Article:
There's a terrific essay by the great Ursula K. LeGuin on the CBC Books site. I cannot represent her meaning here (and if you are in touch with her opinions on the Earthsea miniseries, you know I shouldn't try!), but I'll try to capture the critical point:
Stories are not packages designed for the delivery messages. You don't start with a message, then build a story around it.
This is a fundamental truth in writing, and not a new one. But its presence on the Children's Book Council site reminds me, as I consider year 3 in the evolution of my hobby/passion to teach poetry to children, that I must avoid teaching them to learn what a poem really means, because it can really mean different things to different people. I get so disappointed when people tell me "that was a great poem; I really understood it". That, my reader friends, is not a tier-1 compliment. Of course, I want you to find great value and connection with the work. And I want it to touch you in a way that is meaningful and particular to you (what I've called "The Hmm."). But if what I was after primarily were your understanding, I certainly wouldn't write you a poem. I'd present you a rational case, with straightforward logic and a clear conclusion. The opposite of a poem.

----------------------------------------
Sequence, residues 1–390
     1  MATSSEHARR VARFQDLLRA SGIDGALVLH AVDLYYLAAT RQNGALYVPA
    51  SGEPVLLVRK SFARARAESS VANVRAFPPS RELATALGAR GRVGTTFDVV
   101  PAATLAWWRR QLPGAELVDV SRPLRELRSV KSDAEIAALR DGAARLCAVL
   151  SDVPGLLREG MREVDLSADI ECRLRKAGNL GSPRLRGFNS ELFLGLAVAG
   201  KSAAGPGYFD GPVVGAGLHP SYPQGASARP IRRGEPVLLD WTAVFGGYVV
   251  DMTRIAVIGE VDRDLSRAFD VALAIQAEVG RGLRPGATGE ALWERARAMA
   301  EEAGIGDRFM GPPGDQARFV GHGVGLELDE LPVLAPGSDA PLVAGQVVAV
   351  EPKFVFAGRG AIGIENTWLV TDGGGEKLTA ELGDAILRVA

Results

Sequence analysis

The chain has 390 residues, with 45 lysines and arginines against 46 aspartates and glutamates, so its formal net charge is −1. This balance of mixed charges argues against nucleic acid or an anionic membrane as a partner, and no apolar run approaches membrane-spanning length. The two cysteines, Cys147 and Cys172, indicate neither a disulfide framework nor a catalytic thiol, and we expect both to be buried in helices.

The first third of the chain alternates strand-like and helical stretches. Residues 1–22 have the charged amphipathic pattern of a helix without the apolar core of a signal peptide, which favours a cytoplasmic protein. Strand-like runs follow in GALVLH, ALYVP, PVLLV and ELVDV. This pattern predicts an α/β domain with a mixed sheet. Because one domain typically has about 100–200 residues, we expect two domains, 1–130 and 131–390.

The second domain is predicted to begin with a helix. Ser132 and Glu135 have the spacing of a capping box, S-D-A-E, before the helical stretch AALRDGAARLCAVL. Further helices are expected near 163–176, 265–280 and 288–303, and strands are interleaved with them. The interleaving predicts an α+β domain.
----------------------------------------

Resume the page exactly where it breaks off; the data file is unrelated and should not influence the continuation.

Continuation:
LeGuin says: "The complex meanings of a serious story or novel can be understood only by participation in the language of the story itself. To translate them into a message or reduce them to a sermon distorts, betrays, and destroys them."
You can substitute any art form for "story". Now how to teach this? More to come.